7 Expert Tips for Screen Printing on Dark T-shirts
BY LON WINTERS
To coin a phrase from Nickelback, the most polarizing rock band in history, “Don’t we all want to be rockstars?” While the black T-shirt has always been rock-band cool, it’s enjoyed even more of a recent resurgence across more markets, including streetwear. Most industries, schools and sports teams want their own version of the “cool black tee.”
Lots of screen printers think dark shirts are harder to print. However, once you learn the process, the black tee will be your new best friend—and your customers will probably prefer a black tee for standout designs. You’ll find that you can use the shirt as a neutral substrate for shadow—the impact is tremendous on black vs. any other color because there’s so much high contrast.
Here are seven key tips for printing on dark tees that I’ve learned during my 25 years of screen printing.
Garbage in, garbage out.
While we’re doing a little Captain Obvious here, this always bears repeating: Poor artwork will never result in a good T-shirt print. It’s on you as the screen printer to explain to a customer why you can’t use that 72 dpi art that looks good on their phone. Work with a great screen-printing artist to ensure that the design you start with will yield the most stunning output.
Choose the smoothest print surface possible.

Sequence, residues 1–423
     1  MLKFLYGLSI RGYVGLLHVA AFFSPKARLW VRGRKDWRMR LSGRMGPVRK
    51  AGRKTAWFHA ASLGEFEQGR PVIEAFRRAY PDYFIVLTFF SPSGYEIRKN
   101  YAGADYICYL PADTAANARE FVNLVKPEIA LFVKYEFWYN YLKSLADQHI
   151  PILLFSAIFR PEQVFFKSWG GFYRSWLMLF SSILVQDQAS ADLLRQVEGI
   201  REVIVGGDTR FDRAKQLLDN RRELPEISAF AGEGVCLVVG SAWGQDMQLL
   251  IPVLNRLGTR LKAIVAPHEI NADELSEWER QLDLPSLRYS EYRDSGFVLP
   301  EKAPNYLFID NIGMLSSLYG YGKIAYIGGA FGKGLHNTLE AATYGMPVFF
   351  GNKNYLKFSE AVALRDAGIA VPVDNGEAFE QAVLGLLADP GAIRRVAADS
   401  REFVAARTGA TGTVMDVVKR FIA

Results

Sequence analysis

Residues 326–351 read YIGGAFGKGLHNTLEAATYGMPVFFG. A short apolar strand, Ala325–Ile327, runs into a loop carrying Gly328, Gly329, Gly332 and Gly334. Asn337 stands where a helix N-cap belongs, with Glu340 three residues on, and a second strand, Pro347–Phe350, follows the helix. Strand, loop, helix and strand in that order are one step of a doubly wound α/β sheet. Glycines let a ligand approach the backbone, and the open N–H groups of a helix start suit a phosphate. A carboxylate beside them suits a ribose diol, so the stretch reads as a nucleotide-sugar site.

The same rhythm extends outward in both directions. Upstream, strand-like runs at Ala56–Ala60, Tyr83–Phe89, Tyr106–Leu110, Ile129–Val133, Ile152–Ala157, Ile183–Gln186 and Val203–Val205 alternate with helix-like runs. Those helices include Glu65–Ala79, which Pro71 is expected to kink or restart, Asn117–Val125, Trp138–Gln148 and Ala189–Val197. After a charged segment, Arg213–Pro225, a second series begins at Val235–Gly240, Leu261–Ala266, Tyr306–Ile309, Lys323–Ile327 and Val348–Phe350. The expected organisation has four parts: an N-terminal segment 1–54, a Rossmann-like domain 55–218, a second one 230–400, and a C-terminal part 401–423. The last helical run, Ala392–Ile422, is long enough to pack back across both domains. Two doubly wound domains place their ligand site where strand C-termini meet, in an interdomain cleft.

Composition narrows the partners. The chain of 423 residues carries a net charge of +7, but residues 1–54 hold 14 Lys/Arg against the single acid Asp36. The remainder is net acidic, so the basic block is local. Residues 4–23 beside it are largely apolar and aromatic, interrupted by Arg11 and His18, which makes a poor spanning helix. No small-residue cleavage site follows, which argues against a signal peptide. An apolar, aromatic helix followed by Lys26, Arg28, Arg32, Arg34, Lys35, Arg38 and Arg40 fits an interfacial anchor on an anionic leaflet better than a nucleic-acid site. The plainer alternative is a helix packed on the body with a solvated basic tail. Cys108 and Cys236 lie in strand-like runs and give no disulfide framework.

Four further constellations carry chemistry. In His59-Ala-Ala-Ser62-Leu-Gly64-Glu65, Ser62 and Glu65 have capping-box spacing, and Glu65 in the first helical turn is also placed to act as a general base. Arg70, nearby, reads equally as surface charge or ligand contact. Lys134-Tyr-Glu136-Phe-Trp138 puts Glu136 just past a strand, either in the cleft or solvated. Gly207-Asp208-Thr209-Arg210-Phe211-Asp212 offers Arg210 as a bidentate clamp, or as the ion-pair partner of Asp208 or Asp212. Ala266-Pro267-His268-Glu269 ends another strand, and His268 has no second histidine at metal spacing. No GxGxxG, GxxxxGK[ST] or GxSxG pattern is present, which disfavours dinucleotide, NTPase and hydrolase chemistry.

That ideal printing surface will be on a higher price-point shirt made from 40 singles combed and ring-spun cotton. The key? Show your customer the difference. For example, when you print a 12-color photographic image on different black tees, it’s easiest for a customer to literally see the varying results. Say, “This will be your final output on a higher-priced tee and how it looks on a lower-priced tee.”
Using the good-better-best scenario works, and people will often choose a shirt at the middle price point. We also take pre-press steps (and even when the shirt is on the press) to smooth out the surface. There’s been a trend toward super-soft shirts, but often these rough fabric fibers are super-hard to print, and you’ll always get some fibrillating.
Use the dark canvas to your advantage.
Don’t bury the garment under a wall of ink. Instead, use the T-shirt’s black base to create your design’s shadows and intensity. Think of it as using the shirt’s “negative space” to define your artwork’s shadows.
You might remember an exercise in your junior high art class: Your teacher set up a bunch of 3-D shapes backed by a light source on one side. When you drew the shapes in pencil or charcoal, you used stark blacks on the shadowed side and a sliver or splash of bright light on the other. If you look at the best prints on black, there are lots of dark shadowed areas and minimal bright areas—but those brights hit you hard visually.
If you think of it as having to print a bright full moon vs. a bright crescent moon, shoot for the crescent. Use the garment’s black base and grayscale to transition from black to dark gray, to light gray to white.